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Posted: Oct 07, 2013
Paper generators: Harvesting energy from touching, rubbing and sliding (w/video)
(Nanowerk News) Electric current sufficient to light a string of LEDs, activate an e-paper display or even trigger action by a computer can be generated by tapping or rubbing simple, flexible generators made of paper, thin sheets of plastic and other everyday materials, researchers at Disney Research, Pittsburgh, have demonstrated.
This new approach to energy harvesting uses electrets, materials with special electrical properties that already are used in microphones and in tiny MEMS devices. This latest application, developed by researchers at Disney Research, Pittsburgh and at Carnegie Mellon University, could make possible new types of interactive applications involving books, posters and other printed materials that require no batteries or external power.
E-paper displays are an especially suitable application for Paper Generators since they require high voltages but very little power. Here, When the user creates energy by using a rubbing Paper Generator, a pattern on the e-paper display shows a cat’s face.
The design of a Paper Generator is simple: one approach is to sandwich a thin, flexible sheet of polytetrafluoroethylene, or PTFE – best known by the brand name Teflon® –between two conductive layers, such as sheets of metallized polyester, that serve as electrodes. Electrical charge accumulates on the PTFE sheet when paper is rubbed against it. Then, if the electrodes are made to move relative to each other against the PTFE, a tiny, alternating electrical current is generated. This electrical current can be used to power a broad variety of devices such as LED arrays, e-ink displays, sound buzzers and infrared communication devices.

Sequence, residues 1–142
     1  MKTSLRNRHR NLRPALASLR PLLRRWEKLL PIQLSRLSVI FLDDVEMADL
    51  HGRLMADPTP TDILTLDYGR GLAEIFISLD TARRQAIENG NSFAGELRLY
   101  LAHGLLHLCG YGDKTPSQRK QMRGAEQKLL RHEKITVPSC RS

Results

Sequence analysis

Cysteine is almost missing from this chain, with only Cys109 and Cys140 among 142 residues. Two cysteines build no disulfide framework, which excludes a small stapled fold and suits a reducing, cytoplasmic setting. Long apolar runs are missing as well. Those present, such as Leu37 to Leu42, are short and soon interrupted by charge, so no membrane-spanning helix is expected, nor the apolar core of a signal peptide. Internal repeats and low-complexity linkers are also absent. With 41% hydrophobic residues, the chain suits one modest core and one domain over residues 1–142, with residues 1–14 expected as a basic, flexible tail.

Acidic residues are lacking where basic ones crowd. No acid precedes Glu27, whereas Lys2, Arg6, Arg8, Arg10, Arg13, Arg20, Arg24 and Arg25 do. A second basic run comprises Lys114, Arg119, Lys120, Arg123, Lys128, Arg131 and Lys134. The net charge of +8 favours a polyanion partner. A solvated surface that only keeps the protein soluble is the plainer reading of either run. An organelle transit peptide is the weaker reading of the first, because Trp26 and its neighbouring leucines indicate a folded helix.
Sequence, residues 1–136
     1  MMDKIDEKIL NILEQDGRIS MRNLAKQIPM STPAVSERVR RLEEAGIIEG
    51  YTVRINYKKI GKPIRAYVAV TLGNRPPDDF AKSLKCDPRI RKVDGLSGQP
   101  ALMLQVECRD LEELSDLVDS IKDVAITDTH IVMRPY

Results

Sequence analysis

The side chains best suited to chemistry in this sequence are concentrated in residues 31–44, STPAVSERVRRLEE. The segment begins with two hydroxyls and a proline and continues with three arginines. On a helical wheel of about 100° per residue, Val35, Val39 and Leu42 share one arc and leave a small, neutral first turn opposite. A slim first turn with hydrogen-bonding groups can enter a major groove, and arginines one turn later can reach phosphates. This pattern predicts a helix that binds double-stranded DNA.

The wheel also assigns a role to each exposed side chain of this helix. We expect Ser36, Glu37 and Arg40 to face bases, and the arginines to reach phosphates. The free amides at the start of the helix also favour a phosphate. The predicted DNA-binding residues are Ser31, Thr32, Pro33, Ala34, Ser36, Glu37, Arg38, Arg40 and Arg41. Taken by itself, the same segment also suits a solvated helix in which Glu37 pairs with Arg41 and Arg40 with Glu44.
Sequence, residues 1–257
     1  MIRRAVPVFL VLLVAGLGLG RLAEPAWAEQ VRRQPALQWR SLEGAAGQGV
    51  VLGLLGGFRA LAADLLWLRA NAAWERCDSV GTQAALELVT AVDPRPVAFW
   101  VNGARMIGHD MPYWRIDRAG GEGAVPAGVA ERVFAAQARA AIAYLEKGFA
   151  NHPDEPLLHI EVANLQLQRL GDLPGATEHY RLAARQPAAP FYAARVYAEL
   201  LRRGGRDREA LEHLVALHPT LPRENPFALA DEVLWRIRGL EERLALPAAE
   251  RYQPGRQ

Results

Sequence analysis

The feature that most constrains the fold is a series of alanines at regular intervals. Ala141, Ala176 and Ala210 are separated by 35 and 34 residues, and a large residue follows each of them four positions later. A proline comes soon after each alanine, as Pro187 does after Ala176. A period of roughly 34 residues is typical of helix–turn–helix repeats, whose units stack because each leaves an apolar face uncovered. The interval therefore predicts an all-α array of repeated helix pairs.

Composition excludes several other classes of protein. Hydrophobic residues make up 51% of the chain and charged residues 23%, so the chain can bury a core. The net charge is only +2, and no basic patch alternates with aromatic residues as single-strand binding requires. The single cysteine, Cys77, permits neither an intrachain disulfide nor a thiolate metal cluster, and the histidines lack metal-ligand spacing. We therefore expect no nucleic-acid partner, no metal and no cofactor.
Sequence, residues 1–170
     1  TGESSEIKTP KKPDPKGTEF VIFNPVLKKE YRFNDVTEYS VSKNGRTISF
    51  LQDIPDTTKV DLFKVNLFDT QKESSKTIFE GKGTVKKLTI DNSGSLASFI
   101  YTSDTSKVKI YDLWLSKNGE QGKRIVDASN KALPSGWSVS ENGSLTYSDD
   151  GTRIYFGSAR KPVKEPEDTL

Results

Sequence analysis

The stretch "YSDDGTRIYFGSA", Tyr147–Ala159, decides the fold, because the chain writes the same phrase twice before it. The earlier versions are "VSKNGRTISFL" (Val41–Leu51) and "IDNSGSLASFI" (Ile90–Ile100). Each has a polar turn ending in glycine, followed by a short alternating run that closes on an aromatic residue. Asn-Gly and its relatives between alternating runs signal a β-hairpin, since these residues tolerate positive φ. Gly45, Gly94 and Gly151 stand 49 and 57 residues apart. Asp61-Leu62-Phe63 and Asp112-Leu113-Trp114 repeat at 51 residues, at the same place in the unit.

"Though the fundamental principles of operation remain the same, it's possible to build Paper Generators that respond to a number of different gestures, such as tapping, touching, rubbing or sliding," said Ivan Poupyrev, director of Disney Research, Pittsburgh's Interaction Group. "We can imagine any number of ways to use this to add sights, sounds and other interactivity to books and other printed materials inexpensively and without having to worry about power sources."
The researchers, who also include Mustafa Emre Karagozler and Yuri Suzuki of Disney Research, Pittsburgh and Gary Fedder of Carnegie Mellon's Department of Electrical and Computer Engineering and Robotics Institute, will present their findings ("Paper Generators: Harvesting Energy from Touching, Rubbing and Sliding"; pdf) at the ACM Symposium on User Interface Software and Technology (UIST), Oct. 8-11, in St Andrews, Scotland.
Electrets are the electrostatic equivalents of permanent magnets, carrying a quasi-permanent electric charge. These dielectric materials include natural materials such as quartz as well as man-made materials such as PTFE. Other researchers have demonstrated that electrets could be used to convert finger tapping into power to light LEDs using expensive, microfabricated structures. The Paper Generators produced at Disney Research, Pittsburgh, by contrast, are decidedly low-tech and cheap.
"There's nothing here that I can't build by hand in five minutes," Karagozler said of the Disney Research, Pittsburgh demonstration devices, which included a cartoon of a rocket ship outlined by a string of LEDs that light up when a paper button is tapped. The researchers also printed Paper Generators using conventional ink-jet printers equipped with cartridges with conductive ink. "That's the future of this technology," Karagozler added.
Though the current produced by the devices is low – measured in hundreds of microamperes – the voltage is high, up to 1000 volts. That is ideal for triggering e-paper displays, Karagozler said. One demonstration device, for instance, features cartoon characters of astronauts and friendly aliens; when the energy harvesting patch is rubbed, an e-paper display reveals H-E-L-L-O one letter at a time.
Running the alternating current through a small rectifier converts the power to DC to operate LEDs. The power also can be fed into store-and-release circuitry, enabling a buzzer to sound when enough power is stored, or to send an infrared signal to trigger action by a computer. Transmitting the current to an analog voltmeter produces mechanical motion of the needle.
"It's very simple, it's flexible and it's printable using conventional printers," Karagozler said. "It's a technology with potential applications we've only begun to explore."